“Every time you thought he was away he would come back,” said his manager, Joseph Donofrio. “He was fierce in his music and his integrity. It was only his music, his guitar, his heritage.

Martino was 77 when he died on Monday, in the same Philadelphia townhouse where he had spent part of his childhood.

From his early years as a conductor, Martino had sought to push his sound in adventurous new directions, moving from organ-tinged soul jazz to psychedelic fusion. His fourth album, Baiyina (The clear proof), included Indian instruments such as the tamboura and tabla, and was captioned “A Psychedelic Excursion Through the Magical Mysteries of the Qur’an”.

Martino then released an instrumental version of the pop song “Sunny”, which has become a staple of his live shows, and has shown a tender side on albums such as We will be together again (1976), a collection of duets with pianist Gil Goldstein which included a performance of “Send in the Clowns” by Stephen Sondheim.

He received four Grammy nominations, including for the 2003 album Thinking group, recorded with famous musicians such as pianist Gonzalo Rubalcaba, saxophonist Joe Lovano, bassist Christian McBride and drummer Lewis Nash. “He created his own language on the guitar,” banjo player Bela Fleck wrote in the cover notes. “He walks among us but by different paths. “

Pat Martino in concert at the Newport Jazz Festival in August 2015

(AFP / Getty)

Martino seemed to be so acclaimed in part because he was building on the bebop tradition while polishing the conventions. “He starts a line at an unexpected pace, pauses runs to emphasize a single note or riff, inserts odd-length jumps into standard licks, and shifts accents around the beat.” New York Times music critic Jon Pareles once wrote. “His playing is clearly capricious, approaching the tunes from strange angles and taking rewarding tangents; it makes the shapes of the songs seem slippery and mysterious.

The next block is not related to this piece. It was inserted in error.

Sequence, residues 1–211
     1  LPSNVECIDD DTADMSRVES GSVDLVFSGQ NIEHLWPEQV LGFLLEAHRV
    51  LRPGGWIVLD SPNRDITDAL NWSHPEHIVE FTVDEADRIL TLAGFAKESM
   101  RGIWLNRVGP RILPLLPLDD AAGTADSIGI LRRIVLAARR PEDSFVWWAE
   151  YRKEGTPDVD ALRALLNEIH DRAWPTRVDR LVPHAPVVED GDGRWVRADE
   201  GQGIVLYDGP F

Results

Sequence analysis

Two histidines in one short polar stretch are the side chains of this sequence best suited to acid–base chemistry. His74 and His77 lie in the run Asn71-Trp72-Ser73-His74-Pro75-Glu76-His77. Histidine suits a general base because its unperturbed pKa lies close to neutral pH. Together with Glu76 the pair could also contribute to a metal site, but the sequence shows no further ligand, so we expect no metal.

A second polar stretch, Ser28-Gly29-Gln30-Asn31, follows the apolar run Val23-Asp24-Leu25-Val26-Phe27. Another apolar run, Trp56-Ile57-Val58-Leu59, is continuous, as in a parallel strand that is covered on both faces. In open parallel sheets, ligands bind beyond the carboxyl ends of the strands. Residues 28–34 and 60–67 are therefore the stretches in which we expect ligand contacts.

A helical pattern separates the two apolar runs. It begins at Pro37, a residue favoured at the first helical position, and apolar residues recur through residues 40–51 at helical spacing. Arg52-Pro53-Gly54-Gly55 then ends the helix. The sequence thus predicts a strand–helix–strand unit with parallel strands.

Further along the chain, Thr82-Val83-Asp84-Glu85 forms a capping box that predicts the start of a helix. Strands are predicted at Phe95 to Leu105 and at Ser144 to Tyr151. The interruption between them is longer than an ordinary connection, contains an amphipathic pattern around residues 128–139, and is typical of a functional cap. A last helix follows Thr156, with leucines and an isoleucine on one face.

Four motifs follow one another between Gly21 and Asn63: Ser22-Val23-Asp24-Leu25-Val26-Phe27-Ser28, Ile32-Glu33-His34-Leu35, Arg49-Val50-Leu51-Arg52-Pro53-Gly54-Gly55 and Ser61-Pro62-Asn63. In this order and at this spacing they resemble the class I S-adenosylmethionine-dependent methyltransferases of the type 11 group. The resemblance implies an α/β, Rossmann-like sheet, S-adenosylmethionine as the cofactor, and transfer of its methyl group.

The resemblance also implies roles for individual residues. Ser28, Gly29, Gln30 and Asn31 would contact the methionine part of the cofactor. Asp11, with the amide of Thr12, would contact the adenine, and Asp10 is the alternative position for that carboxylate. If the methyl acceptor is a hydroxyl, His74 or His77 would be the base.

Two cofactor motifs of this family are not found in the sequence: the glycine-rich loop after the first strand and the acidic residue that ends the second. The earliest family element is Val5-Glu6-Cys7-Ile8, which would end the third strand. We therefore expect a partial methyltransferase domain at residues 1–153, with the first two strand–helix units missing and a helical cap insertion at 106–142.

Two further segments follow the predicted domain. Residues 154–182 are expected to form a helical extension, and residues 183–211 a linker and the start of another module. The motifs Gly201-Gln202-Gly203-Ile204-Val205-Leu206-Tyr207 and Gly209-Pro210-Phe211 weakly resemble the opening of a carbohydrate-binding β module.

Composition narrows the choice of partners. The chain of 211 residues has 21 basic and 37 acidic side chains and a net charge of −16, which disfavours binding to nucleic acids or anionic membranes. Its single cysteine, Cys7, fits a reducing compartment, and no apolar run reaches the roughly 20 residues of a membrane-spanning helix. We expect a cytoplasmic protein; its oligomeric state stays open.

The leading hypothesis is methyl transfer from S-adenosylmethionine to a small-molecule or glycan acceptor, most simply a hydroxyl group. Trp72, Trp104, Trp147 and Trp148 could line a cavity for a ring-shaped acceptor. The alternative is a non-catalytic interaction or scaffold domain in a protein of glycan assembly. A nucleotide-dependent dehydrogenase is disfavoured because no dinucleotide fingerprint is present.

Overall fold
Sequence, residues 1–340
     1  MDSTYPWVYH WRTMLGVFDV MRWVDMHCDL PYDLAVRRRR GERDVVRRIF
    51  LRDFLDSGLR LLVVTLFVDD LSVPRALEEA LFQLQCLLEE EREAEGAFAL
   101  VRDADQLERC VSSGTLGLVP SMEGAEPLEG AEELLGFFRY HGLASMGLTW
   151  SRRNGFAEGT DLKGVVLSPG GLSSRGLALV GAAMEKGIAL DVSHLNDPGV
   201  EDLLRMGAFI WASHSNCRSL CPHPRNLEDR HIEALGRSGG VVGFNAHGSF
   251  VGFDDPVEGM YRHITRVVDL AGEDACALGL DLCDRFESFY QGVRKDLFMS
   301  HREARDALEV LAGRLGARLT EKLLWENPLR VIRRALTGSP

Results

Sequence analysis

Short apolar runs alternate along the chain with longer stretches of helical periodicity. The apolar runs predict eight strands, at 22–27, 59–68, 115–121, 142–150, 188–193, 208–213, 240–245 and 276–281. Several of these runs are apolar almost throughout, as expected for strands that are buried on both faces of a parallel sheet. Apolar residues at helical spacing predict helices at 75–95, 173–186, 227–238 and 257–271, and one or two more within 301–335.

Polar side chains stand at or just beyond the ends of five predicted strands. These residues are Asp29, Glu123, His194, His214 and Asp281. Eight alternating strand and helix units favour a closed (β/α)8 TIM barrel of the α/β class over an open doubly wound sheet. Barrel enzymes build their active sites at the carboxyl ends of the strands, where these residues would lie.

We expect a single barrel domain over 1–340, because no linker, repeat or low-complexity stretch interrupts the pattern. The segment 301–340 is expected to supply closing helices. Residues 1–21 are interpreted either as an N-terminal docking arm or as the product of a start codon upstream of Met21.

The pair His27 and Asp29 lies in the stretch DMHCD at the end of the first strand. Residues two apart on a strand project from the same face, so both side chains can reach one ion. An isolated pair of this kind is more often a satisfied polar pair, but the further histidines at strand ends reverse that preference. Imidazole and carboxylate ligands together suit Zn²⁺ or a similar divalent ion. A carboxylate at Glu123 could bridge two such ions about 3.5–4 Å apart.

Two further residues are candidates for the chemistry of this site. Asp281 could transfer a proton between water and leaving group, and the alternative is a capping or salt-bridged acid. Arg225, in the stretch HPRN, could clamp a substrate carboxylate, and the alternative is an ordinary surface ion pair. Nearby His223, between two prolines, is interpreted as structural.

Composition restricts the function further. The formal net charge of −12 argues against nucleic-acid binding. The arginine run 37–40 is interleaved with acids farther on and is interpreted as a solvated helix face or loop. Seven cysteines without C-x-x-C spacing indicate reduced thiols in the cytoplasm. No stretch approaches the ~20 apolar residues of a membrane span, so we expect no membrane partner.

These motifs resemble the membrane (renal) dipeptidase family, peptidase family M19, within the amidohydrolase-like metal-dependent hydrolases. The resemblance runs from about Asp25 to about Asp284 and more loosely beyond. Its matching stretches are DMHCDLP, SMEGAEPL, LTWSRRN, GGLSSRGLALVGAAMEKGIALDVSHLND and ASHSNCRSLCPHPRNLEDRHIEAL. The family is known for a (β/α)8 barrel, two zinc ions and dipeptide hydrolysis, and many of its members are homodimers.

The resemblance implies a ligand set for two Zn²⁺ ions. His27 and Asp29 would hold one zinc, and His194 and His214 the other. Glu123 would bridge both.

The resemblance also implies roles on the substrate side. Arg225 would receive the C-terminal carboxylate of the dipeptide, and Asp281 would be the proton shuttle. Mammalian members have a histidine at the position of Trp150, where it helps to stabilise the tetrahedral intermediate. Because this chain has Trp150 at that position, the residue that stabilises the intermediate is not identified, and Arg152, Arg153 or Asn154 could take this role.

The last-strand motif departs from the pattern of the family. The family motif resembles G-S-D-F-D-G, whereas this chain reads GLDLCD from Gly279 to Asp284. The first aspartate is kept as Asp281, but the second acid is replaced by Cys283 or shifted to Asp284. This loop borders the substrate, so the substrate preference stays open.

After Martino’s brain surgery, his willingness to experiment only seemed to increase. He studied world music, drawing inspiration from Chinese and Japanese scales, and tinkered with digital tools, using an electronic orchestra to create lush pieces backed by pianos, strings and timpani – irritating his longtime label. , Muse, when he refused to include a guitar.

Martino professed not to care. “So many things have vaporized in my life,” he said. The New York Times in 1995, “I ask, ‘Why am I alive?’ I don’t need to be competitive. I have reached a point where I am looking for no other pedestal than the ground on which I am walking.

Patrick Carmen Azzara was born in Philadelphia on August 25, 1944. His mother was a housewife and his father was a tailor who sang in local clubs – using the stage name Martino, which prompted his son to do the same – and who briefly took guitar lessons from jazz legend Eddie Lang.

As Martino has recounted, his father lured him into music using a bit of reverse psychology, forbidding him to touch a guitar tucked away under the bed. He started playing at the age of 12 and, as he said, launched a career in music aimed at making his father proud.

Martino said his muscle memory came back in bits and pieces as he recovered several of his old techniques

(Public domain)

After dropping out of school at age 15, he toured with R&B singer Lloyd Price and moved to Harlem, immersing himself in the neighborhood’s soul jazz scene. He performed with saxophonist Willis “Gator” Jackson, replaced George Benson in organist Jack McDuff’s band and recorded his first album, El Hombre (1967), at the age of 22.

In less than a decade, he suffered from severe epileptic seizures, notably during a performance in front of a crowd of over 200,000 people at the Riviera Jazz Festival in France. He took a break from touring and taught music in Hollywood while trying to find out what was wrong with his health. Doctors diagnosed him with bipolar disorder and schizophrenia, which prompted him to receive electroconvulsive treatment before being treated for an arteriovenous malformation in the brain.